Code Name Habbakuk

A Secret Ship Made of Ice

By (author): L.D. Cross
ISBN 9781927051474
Softcover | Publication Date: April 15, 2012
Book Dimensions: 5.5 in x 8.5 in
144 Pages
$9.95 CAD

About the Book

In late 1942, Britain was desperate to win the ongoing Battle of the Atlantic. German U-boats had sunk hundreds of Allied ships containing millions of tons of cargo that was needed to continue the war effort. Prime Minister Churchill had to find a solution to the carnage or the Nazis would be victorious. With the support of Churchill and Lord Louis Mountbatten, eccentric inventor and amateur spy Geoffrey Pyke proposed a dramatic project to build invincible ships of ice—massive, unsinkable aircraft carriers that would roam the mid-Atlantic servicing fighter planes and bombers on missions to protect shipping from predatory U-boat wolf packs.

This is the fascinating story of the rise and fall of Project Habbakuk and how an outlandish inventor, the British Navy, the National Research Council of Canada and a workforce of conscientious objectors tested the bizarre concept in the Canadian Rocky Mountains, far from the theatre of war.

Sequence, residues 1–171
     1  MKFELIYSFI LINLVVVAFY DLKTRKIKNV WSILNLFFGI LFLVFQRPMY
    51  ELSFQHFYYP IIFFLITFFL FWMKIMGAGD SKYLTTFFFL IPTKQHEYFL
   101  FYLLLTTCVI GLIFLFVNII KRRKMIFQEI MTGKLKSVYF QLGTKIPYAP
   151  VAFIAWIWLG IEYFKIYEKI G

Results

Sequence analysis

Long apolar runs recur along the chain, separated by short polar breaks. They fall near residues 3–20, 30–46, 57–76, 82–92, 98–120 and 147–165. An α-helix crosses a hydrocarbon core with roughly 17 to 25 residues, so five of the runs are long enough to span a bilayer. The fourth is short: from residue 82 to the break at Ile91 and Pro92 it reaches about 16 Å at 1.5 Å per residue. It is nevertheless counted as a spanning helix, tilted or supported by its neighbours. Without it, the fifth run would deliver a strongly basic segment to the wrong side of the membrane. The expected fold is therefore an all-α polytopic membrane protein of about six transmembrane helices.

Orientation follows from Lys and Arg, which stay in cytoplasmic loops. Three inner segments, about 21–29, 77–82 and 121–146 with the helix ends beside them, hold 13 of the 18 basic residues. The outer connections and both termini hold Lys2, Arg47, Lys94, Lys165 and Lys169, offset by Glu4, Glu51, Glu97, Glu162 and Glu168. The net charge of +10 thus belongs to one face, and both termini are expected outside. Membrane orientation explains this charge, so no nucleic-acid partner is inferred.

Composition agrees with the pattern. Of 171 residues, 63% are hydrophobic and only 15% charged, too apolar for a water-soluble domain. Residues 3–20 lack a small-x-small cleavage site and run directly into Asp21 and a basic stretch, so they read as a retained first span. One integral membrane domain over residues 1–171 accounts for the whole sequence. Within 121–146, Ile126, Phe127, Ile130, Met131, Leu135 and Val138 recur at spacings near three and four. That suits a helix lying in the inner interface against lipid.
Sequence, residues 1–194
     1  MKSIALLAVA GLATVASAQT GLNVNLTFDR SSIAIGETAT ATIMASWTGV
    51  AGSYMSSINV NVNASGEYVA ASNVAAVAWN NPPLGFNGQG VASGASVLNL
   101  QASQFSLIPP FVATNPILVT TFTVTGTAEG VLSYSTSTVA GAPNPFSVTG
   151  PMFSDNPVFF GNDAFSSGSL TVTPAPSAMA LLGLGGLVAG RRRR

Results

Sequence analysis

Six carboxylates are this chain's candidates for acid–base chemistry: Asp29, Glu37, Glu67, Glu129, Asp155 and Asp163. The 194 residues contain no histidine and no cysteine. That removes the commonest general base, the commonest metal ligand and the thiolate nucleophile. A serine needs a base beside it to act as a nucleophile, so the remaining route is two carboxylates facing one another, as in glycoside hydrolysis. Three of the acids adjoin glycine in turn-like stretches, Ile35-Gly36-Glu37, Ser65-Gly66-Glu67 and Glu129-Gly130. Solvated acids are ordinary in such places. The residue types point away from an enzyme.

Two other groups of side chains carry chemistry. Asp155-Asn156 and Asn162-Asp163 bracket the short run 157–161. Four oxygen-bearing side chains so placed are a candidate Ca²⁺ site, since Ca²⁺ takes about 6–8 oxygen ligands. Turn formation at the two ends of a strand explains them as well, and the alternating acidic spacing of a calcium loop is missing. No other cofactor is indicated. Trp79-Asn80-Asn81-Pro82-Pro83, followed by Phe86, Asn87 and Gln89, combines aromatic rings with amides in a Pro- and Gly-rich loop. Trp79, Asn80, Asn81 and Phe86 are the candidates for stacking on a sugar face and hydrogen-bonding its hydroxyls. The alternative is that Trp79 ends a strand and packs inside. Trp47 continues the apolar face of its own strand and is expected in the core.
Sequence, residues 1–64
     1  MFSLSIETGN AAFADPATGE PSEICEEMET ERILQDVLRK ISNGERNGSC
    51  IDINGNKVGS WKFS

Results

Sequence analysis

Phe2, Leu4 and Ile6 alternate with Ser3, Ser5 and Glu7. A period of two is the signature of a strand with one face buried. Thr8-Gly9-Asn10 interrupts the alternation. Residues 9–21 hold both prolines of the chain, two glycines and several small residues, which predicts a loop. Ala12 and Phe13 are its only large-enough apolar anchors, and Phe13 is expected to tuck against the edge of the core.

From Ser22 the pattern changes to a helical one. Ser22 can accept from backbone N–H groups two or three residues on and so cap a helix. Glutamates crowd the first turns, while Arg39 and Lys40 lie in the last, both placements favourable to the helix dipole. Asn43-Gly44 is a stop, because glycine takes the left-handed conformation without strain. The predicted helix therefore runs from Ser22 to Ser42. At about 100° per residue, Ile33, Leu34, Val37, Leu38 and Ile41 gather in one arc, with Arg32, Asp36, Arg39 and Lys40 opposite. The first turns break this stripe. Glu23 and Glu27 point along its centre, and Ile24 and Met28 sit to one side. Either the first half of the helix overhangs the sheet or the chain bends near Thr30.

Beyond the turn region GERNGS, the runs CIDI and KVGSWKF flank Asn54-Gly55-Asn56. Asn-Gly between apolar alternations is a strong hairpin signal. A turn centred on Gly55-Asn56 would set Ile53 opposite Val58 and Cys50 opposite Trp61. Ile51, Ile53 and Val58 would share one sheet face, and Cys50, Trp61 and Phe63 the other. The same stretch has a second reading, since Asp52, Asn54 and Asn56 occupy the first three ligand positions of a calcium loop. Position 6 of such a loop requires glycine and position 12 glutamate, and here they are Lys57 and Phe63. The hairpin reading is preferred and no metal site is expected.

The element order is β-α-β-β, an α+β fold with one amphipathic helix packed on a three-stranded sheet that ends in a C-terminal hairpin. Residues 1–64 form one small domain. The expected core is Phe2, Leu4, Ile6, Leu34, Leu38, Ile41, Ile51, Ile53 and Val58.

About the Author(s)

L.D. (Dyan) Cross is an Ottawa writer and member of the Professional Writers Association of Canada, the Canadian Authors Association, and the Creative Non-Fiction Collective. Her business and lifestyle articles have appeared in The Globe and Mail and in magazines such as Weddingbells, Home Business Report, Legion Magazine, Profit Magazine, enRoute, and This Country Canada. Her creative non-fiction has been recognized by the International Association of Business Communicators, the EXCEL Awards for features and editorial writing, and the National Mature Media Awards. In 2011 she received the Ontario Historical Award for her book The Underground Railroad: The Long Journey to Freedom in Canada.


”Author L.D. Cross, an Ottawa-based writer, has nicely captured the mood of the time and of the many characters that bring this implausible story to life. It’s an engaging read and one that lends credence to the old maxim that truth is stranger than fiction.” —Susan R. Eaton, Diver Magazine
"Code Name Habbakuk is a great story that should be shared widely because, despite the sadness and disappointment, it speaks to the human capacity to think big, aspire for the impossible, and to push back the boundaries of knowledge. —Dick Bourgeois-Doyle, author of George J. Klein: The Great Inventor
"If you are curious to learn more about Project Habbakuk, I strongly recommend L.D. Cross’s work: Code Name Habbakuk: A Secret Ship Made of Ice. The book is brief but well-written and filled with period photographs, including of the work on the ice-ship prototype at Patricia Lake." —Shawn Smallman